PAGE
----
When you lie down with dogs (negotiate with the Ayatollahs, Hezbollah, Hamas, PLO/PLA), you wake up with fleas (in other words, fucked.)

  12. I'm beginning to think that there might actually be a time (a line in the sand, if you will) when Obama will proceed to bomb their enrichment facilities into oblivion.

    I'm not thoroughly convinced of that, yet, but my opinion is evolving in that direction (slowly.)

  13. The Palestinians are sending rockets into Jerusalem. I would love to see them score a direct hit on the Dome of the Rock.

  14. Praise be to the almighty Obama. I am sure he will do the right thing at the perfect time.

  15. Here is what the neocons bought us for ten years of treasure and blood:

    ”Iraq will invite (Arab) ministers to use the weapon of oil, with the aim of asserting real pressure on the United States and whoever stands with Israel,” Qais al-Azzawy told reporters in Cairo on Friday.

    Read more:

  16. 03/27/2003, Paul Wolfowitz, Deputy Defense Secretary

    "There’s a lot of money to pay for this ... the oil revenues of that country could bring between $50 and $100 billion over the course of the next two or three years…We’re dealing with a country that can really finance its own reconstruction, and relatively soon.”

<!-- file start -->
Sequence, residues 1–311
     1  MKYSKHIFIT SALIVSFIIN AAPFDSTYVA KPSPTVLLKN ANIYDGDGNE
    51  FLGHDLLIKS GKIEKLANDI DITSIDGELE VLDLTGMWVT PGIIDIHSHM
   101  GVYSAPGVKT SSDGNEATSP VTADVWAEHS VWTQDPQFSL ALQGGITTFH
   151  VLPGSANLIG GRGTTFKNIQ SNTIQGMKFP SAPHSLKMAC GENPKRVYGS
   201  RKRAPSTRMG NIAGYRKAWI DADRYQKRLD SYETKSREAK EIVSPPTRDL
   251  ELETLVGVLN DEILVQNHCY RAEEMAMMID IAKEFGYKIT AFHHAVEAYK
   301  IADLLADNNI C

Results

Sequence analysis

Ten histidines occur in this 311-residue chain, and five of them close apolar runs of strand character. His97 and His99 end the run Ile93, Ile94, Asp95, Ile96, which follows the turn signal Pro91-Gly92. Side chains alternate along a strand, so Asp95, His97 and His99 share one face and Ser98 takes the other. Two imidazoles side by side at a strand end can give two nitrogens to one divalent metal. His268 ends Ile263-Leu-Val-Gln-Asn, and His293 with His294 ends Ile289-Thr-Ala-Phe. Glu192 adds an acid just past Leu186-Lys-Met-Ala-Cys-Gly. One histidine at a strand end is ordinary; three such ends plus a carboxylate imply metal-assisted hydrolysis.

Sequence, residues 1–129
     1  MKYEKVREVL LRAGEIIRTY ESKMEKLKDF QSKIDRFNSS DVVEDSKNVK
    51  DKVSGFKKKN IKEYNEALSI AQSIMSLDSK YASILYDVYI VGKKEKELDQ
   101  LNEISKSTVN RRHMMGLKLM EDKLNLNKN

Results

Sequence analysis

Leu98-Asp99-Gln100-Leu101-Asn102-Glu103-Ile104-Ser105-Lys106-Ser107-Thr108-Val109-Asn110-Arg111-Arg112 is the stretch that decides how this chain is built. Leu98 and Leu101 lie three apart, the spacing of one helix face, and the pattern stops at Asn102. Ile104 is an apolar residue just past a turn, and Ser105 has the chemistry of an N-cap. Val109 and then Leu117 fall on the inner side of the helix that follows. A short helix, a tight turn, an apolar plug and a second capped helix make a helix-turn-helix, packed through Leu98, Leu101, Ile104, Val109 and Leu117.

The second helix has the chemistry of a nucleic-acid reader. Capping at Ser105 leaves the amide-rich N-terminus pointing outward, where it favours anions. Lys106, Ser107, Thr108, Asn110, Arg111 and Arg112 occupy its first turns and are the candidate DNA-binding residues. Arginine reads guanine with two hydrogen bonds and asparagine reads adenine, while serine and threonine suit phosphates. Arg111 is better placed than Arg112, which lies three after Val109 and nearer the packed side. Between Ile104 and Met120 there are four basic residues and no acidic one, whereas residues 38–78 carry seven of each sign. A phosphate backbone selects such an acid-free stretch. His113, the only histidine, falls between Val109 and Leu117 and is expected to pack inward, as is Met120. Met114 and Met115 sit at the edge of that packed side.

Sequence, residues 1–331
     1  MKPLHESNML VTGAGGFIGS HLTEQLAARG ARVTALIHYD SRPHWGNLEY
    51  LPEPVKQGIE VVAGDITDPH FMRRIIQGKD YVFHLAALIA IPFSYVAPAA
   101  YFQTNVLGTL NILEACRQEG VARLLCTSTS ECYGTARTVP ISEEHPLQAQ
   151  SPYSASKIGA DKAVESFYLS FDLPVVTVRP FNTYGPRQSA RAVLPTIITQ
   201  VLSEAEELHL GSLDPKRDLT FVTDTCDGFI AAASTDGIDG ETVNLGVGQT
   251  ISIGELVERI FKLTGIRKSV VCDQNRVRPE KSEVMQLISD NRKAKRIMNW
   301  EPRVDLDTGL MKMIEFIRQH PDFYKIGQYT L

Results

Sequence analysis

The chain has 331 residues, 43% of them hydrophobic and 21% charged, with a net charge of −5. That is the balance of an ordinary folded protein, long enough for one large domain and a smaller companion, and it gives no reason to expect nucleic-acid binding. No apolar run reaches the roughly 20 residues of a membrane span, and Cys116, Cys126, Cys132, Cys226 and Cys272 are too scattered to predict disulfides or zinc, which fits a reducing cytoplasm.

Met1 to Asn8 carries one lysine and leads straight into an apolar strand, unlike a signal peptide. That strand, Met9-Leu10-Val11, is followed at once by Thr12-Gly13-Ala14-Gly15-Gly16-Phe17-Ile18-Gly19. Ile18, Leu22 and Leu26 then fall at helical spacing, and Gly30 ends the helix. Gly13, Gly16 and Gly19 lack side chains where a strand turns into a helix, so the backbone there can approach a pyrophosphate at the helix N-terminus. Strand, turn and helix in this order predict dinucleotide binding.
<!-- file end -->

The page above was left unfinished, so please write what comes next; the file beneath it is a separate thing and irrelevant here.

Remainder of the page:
17. The question is: Should we bow and scrape or bow up ?

    I know what I would do, I'm not sure about Obama.

  18. Let see where this goes:

    Turkish PM in Cairo vows support for Gaza

    CAIRO -- Turkey's prime minister has vowed support for Palestinians in the Gaza Strip.

    Recep Tayyip Erdogan described Egypt's uprising that ousted longtime autocratic leader Hosni Mubarak from power last year as a point of hope for Palestinians. The Turkish leader delivered his remarks in a speech at Cairo University Saturday.

    He also met President Mohammed Morsi in Cairo for the first time since the Egyptian Islamist leader was elected late June.

    The Turkish leader is in Egypt with a delegation of 12 ministers and 350 businessmen.

    Meanwhile, hundreds of people protested outside the Arab League headquarters in Cairo, where Arab foreign ministers are meeting to discuss Israel's expanded fierce air assault on rocket operations in Gaza, which is run by the Islamic militant Hamas group.

    Read more here:

  19. .

    As I was thinking about the article I posted above about the liberal's inclination towards intervention, in this case on Iran, it reminded me of other instances including the recent Libyan War. In this case, one gets the impression that Obama was intially reluctant to get involved with direct action on Libya but that he eventually succumbed to the presure applied by the hawkish troika of bellicose bimbos within the administration, Clinton, Rice, and Samantha Powers.